Fallout from the M&S debacle has led the EU to take a tougher line on
the adoption of domestic works councils. The European directive would force UK
companies to inform and consult workers on all decisions that could affect the
running of the company.
M&S’ announcement that it is closing all its European stores, with a
loss in France of 1,700 jobs caused a furore when it emerged that it had failed
to consult with its French staff. The company has since been forced to suspend
its closure plans in France until it has completed a full consultation and
information process with its French workers.
But the controversy has led to condemnation from the EU and the insistence,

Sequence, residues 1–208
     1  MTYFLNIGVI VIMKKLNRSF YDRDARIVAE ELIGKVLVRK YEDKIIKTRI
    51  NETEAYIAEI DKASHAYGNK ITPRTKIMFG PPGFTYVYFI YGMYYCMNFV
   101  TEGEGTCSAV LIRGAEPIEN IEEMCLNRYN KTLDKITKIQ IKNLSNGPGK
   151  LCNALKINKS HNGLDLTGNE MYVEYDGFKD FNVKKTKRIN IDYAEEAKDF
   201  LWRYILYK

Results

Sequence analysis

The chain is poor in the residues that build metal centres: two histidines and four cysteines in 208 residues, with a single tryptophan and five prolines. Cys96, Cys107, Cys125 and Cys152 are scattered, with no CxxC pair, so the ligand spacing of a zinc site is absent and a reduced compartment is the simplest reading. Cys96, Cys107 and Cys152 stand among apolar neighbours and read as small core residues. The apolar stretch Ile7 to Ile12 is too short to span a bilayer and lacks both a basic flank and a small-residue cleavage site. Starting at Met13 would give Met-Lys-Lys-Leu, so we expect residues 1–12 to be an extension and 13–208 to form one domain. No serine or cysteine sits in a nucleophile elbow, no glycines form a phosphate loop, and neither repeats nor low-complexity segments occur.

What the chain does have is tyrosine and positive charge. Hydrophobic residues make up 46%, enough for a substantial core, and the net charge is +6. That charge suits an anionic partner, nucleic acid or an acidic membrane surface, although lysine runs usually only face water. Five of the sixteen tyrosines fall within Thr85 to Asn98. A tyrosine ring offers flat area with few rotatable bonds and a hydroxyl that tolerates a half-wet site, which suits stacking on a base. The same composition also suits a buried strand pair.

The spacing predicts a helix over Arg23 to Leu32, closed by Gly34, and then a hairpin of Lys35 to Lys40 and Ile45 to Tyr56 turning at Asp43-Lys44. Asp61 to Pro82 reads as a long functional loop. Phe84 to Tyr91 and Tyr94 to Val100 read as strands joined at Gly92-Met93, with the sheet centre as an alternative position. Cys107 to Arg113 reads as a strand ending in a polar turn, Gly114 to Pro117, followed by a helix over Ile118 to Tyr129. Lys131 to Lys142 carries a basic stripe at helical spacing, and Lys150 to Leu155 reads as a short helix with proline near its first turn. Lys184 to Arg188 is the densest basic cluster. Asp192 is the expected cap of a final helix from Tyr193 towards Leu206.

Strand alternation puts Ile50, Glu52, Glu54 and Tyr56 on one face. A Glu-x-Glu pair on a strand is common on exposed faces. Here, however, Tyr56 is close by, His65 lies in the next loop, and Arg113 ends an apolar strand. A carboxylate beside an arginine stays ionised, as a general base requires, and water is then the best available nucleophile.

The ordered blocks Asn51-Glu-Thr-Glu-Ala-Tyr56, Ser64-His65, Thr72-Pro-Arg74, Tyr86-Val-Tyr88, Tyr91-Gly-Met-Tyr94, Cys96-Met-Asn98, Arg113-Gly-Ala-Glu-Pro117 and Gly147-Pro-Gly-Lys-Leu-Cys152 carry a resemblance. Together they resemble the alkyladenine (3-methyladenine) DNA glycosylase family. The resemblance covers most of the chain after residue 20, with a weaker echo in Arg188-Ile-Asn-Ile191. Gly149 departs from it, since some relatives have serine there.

by European commissioner Anna Diamantopoulou that, "Such behaviour hardly
reflects well on the reputation of the company itself in the eyes of the
consumers. That is why we are very much looking forward to the rapid adoption
of the Commission proposal guaranteeing proper worker information and
Unlike the current European Works Directive, which only applies to companies
with more than 1,000 staff, as it stands, the Domestic Works Council directive
would apply to any employer with 50 or more workers. The draft proposal was
made last November, but was not passed because of objections from a minority of
member states. Negotiations are still ongoing as to the size of the companies
affected, the devolved role of collective negotiation and the details of the
rules on confidentiality.
Says Diane Sinclair, adviser on employment relations at the CIPD,
"Everything will depend on the final text. The European Works Council and the
proposed national-level directive are new to the UK. We have had a tradition of
voluntary consultation in this country and the directive would represent a new
style of industrial relations."